JR: I was born in England in 1948, and we came over here when I was five. You see, in 1953 they still had war rations in England. I had two sisters and my parents basically said, we cannot live on war rations. It was, like, one egg a week. Even though they had won the war, eight years afterwards, they still had rations! So my father got a job at the BBC international service, in the Spanish section in London. He eventually rose to become the head of the Spanish section … My father had a great voice, a very stentorian voice. He had made a movie in England with Noel Coward, who was the star, and he played the Spaniard. And while he was doing that job he had a second job as a ticket-taker at the racetrack. And my father was a bit of a gambler too, so… My mother wasn’t too pleased with that. But every week or so, he’d come back with a pile of money– but you know, nobody wins at gambling. At any rate, very soon after coming to Montreal, my father met Sam Gesser, who was the Montreal representative of Folkways Records. Sam got my father to do readings from Cervantes’s Don Quixote, and poems of Garcia Lorca for Folkways albums. (And they’re still available, if you write to the Smithsonian they’ll make a CD for you.) My father would also give readings, I remember my first visit to the Gesù Theater was for a reading. Sam wanted him on tour in the US because of the large Spanish population, and my father for some reason didn’t want to do it. He had a sort of lack of ambition. Sam was kind of upset because he thought that my father could succeed there. He was a lovely man, Sam Gesser, fantastic guy. Now I’m friendly with his widow, which would be his second wife, Ruth.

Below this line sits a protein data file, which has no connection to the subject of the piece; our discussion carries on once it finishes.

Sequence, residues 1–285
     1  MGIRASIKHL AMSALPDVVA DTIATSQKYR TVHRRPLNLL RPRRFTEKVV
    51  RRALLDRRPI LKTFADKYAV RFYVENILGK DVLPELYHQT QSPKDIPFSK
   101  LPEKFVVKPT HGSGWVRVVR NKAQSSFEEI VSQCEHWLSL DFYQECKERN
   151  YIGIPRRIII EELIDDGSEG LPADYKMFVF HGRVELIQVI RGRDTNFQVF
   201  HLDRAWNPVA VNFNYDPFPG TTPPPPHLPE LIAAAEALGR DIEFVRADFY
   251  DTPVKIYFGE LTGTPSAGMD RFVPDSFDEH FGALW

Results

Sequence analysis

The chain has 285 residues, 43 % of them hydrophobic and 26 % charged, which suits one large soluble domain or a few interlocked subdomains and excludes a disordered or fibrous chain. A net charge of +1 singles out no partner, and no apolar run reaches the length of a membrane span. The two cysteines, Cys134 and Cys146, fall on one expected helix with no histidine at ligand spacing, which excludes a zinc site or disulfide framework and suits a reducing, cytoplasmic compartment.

LR: Did your dad ever cross paths with Allan Lomax at the BBC?